Replacing old boilers and heaters with high efficient equipment and updating a building's HVAC system will result in significant savings on your energy bill and make your space much more comfortable.
In most cases, heating and ventilation make up the majority of a building's energy use.
What is it?
HVAC refers to the three disciplines of Heating, Ventilating, and Air-Conditioning. Heating can be accomplished by heating the air within a space, or by heating the occupants directly by radiation. Ventilating maintains an adequate mixture of gases in the air we breathe, controls odors, and removes contaminants from occupied spaces. Air-conditioning refers to the sensible and latent cooling of air.
Heating, ventilation and air conditioning (HVAC) systems supply fresh air and condition the indoor air temperature and humidity of a building. HVAC systems are one of the largest portions of a buildings energy use and increasing their efficiency is a key component of reducing energy consumption in the building sector. High efficiency HVAC systems can be achieved through proper integration of heating, cooling and ventilation sub-systems for a specific building type to eliminate drafts and wasted energy.
According to the Whole Building Design Guide, HVAC system upgrades have the potential to save 10-40% of a buildings conventional costs, energy use, and GHG emissions. Furthermore, these reductions can be directly translated into significant savings in electricity and gas bills for the building owners and/or tenants. High efficiency HVAC systems also deliver cleaner and better quality air resulting in better indoor living and working environments, reduction of sick building syndrome, and better living comfort and productivity.
Maximizing energy efficiency with HVAC systems is a two-part process. The first step is to replace or update inefficienct equipment and control systems. The second equally important step is to practice ongoing monitoring of equipment performance and perform timely maintenance to ensure that the HVAC system continues to operate optimally.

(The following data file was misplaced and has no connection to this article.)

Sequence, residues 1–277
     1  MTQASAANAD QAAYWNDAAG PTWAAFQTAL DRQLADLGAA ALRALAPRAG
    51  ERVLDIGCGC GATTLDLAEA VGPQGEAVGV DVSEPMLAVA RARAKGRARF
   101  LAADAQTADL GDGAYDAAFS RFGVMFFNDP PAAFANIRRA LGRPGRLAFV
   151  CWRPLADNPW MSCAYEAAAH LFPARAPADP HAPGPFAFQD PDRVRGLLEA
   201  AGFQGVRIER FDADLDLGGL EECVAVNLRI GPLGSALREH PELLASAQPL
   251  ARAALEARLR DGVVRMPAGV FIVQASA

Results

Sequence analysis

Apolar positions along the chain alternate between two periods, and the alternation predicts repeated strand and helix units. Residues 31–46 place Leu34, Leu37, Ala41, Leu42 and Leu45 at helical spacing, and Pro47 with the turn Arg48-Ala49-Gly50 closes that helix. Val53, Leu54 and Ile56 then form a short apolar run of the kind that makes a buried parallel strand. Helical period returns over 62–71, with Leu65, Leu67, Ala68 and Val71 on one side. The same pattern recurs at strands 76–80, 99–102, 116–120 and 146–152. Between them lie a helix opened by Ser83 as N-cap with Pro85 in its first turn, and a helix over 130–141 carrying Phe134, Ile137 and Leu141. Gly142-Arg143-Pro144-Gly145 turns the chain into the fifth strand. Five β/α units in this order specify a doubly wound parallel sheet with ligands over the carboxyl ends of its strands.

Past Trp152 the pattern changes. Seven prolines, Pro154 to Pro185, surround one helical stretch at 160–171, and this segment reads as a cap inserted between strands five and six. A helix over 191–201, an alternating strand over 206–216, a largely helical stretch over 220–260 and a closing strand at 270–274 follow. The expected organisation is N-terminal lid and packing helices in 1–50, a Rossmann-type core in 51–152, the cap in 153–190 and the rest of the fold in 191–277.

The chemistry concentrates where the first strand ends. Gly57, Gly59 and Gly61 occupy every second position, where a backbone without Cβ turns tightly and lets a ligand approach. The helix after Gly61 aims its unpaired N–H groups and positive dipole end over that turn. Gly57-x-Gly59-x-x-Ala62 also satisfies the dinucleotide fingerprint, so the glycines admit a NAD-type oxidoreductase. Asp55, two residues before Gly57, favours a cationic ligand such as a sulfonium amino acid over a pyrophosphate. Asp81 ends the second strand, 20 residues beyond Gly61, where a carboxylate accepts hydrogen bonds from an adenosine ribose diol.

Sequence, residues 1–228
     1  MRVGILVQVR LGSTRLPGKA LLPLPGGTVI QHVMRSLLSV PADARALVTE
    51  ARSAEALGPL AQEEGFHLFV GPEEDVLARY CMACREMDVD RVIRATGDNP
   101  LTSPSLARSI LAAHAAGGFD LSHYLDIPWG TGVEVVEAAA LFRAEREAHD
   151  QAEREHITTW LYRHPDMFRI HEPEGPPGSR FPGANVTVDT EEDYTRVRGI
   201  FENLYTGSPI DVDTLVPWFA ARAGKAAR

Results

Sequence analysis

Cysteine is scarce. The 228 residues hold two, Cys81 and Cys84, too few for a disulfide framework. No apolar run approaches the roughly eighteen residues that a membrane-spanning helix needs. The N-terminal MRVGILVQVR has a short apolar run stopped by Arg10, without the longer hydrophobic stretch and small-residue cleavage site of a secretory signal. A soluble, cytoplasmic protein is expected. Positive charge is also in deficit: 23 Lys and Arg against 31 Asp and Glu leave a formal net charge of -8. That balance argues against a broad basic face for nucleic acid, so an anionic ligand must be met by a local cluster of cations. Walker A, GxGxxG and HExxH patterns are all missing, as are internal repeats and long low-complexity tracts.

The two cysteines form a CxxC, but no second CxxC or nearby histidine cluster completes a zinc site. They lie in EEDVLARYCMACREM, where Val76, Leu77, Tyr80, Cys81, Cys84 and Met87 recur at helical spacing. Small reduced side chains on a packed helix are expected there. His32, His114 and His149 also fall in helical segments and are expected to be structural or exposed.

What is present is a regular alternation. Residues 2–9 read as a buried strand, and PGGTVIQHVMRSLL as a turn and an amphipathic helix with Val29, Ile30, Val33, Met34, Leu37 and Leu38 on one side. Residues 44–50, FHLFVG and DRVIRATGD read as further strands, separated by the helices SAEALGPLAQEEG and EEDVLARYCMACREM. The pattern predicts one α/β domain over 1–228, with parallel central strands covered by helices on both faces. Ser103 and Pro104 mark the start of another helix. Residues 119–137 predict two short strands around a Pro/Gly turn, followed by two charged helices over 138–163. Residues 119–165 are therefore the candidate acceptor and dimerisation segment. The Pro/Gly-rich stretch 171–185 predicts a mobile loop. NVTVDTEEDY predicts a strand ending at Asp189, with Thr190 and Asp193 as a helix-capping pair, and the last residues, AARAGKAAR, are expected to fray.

Though they are grouped together under the same acronym, each component of HVAC has specific requirements and opportunities for saving energy. It is important to note that energy savings in one area have the potential to positively or negatively impact energy savings in another. Therefore understanding the whole building design and the interactions between all components is crucial to achieving optimal energy efficiency and is a key component of a high efficiency HVAC system.
How can we help?
The Municipal Climate Change Action Centre (MCCAC) offers the TAME+ program which provides tools and funding to help municipalities understand how energy is used in their buildings, identify key savings opportunities through audits, and implement retrofit projects. The results of the TAME+ energy audit will provide a number of energy conserving measures that can be taken to increase efficiency in a particular building. Upgrades and retrofits to the Heating, Ventilation, and Air-Conditioning (HVAC) systems including boilers and chillers, furnaces, heat pumps, ventilation systems, pipe insulation, space heaters, air conditioners, thermal storage systems, and heat recovery systems are eligible as energy conservation measures under TAME+ and can therefore be covered by the rebate.
The MCCAC also offers a free online Energy Benchmarking tool that uses annual energy data to generate a report comparing a building’s energy use intensity compared to the average and best-in-class buildings of a similar type. Completing a benchmark report for each building on a yearly basis is a quick and easy way to track the ongoing energy performance of each building relative to themselves and the best-in-class examples.